Margaret Willey has been writing for many years in many different genres. All of her books and stories come from a personal place, either something that happened to her or something she witnessed at close range. Like her previous novel from Carolrhoda Lab, Four Secrets (2012), Beetle Boy is about bullying, but a different kind of bullying—the kind inflicted on children by their parents. Beetle Boy was inspired by a real boy who was completely under his father’s control and trying to make the best of it until he could escape. Margaret lives in Grand Haven with her husband, Richard Joanisse, and she is currently working on a new novel and a collection of essays about her childhood in Michigan.
What was your favorite book when you were a child?
I loved the old Grimm fairytales and folktales, and also Hans Christian Andersen’s stories and Greek mythology. These tales scared and moved and inspired me. Elements from classic fairytales and mythology still find their way into everything I write.
What’s your favorite line from a book?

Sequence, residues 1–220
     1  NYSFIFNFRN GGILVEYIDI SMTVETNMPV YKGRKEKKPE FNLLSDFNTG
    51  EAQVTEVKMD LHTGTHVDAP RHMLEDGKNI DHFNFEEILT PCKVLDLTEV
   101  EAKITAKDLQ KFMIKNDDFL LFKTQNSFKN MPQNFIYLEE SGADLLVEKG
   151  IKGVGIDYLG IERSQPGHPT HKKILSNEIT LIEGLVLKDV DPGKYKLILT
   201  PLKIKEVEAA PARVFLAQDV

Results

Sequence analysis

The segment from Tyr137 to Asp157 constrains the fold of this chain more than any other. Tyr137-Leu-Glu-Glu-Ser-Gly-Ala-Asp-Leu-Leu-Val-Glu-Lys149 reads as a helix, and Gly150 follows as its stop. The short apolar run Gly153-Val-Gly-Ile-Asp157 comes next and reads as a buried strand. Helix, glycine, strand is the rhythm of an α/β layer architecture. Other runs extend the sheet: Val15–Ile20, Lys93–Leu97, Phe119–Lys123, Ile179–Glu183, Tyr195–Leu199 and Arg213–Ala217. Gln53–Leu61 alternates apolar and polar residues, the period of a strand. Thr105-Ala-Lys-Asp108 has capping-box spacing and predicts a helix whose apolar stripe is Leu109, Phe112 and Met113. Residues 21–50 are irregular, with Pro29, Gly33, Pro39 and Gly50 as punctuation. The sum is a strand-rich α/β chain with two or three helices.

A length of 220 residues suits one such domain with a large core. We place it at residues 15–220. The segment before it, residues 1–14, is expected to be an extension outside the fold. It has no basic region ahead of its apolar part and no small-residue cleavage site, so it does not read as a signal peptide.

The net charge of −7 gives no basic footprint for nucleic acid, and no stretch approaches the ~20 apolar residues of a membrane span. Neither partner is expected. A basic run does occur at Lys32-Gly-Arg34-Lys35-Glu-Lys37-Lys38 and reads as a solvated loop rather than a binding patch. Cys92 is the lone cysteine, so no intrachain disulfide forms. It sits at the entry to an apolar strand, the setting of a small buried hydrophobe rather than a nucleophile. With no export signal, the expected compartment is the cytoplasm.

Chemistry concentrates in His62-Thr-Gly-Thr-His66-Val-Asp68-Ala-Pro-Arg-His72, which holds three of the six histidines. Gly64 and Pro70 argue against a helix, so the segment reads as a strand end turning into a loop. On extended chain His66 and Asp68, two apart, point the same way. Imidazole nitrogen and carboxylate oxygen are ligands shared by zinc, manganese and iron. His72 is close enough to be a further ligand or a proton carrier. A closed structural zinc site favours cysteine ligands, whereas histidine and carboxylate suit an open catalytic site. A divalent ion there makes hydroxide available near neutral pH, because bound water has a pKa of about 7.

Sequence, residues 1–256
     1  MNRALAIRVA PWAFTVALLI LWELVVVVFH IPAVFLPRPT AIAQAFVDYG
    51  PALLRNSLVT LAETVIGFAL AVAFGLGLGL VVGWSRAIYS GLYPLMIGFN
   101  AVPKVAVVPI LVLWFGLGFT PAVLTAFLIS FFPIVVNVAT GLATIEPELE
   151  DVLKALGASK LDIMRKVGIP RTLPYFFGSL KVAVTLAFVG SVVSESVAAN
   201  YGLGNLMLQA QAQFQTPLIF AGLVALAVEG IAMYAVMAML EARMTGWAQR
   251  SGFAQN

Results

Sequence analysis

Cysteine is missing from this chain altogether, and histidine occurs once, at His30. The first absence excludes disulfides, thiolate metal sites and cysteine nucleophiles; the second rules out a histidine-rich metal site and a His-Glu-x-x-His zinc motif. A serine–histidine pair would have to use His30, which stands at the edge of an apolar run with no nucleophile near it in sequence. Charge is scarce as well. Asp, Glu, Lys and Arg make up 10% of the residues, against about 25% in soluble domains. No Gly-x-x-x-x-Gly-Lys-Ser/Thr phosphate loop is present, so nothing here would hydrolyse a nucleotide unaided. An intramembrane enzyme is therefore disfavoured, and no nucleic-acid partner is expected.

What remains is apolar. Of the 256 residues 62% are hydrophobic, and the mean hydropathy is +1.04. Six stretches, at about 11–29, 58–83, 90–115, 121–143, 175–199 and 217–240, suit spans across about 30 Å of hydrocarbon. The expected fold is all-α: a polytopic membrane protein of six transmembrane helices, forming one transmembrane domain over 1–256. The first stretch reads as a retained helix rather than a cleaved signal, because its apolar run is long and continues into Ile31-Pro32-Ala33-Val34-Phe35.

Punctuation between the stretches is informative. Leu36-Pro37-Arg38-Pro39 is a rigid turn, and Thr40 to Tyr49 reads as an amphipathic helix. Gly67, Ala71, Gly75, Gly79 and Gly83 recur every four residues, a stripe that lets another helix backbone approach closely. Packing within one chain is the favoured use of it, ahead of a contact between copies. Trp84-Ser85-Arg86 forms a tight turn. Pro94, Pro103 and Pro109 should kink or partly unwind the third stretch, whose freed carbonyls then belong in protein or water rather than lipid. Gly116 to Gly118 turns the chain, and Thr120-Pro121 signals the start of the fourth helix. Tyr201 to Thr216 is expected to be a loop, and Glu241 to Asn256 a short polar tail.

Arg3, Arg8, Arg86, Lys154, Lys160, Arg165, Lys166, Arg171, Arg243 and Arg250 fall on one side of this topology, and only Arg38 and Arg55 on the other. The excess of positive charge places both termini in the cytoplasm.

This is from the great P. L. Traverse, author of the Mary Poppins series: “If we’re completely honest, not sentimental or nostalgic, we have no idea where childhood ends and maturity begins. It is one unending thread, not a life chopped into sections, out of touch with one another.”
Who are your top three favorite authors or illustrators?
Maurice Sendak, Paul O. Zelinsky, and David Small are my favorite illustrators. My favorite author is Alice Munro, who writes so beautifully about women of all ages.
Why did you want to become an author or illustrator?
As a child and a teenager, I loved certain books so passionately, and once I learned that I myself had a gift for writing, I took great joy in this discovery. Writing for children is the work I was born to do.
Do you have any advice for future authors or illustrators?
Pay attention to trends and shifting markets, don’t be blind to them, but never forget that what is more important than passing trends is finding the stories that only you can write and writing them with heart and a clear vision.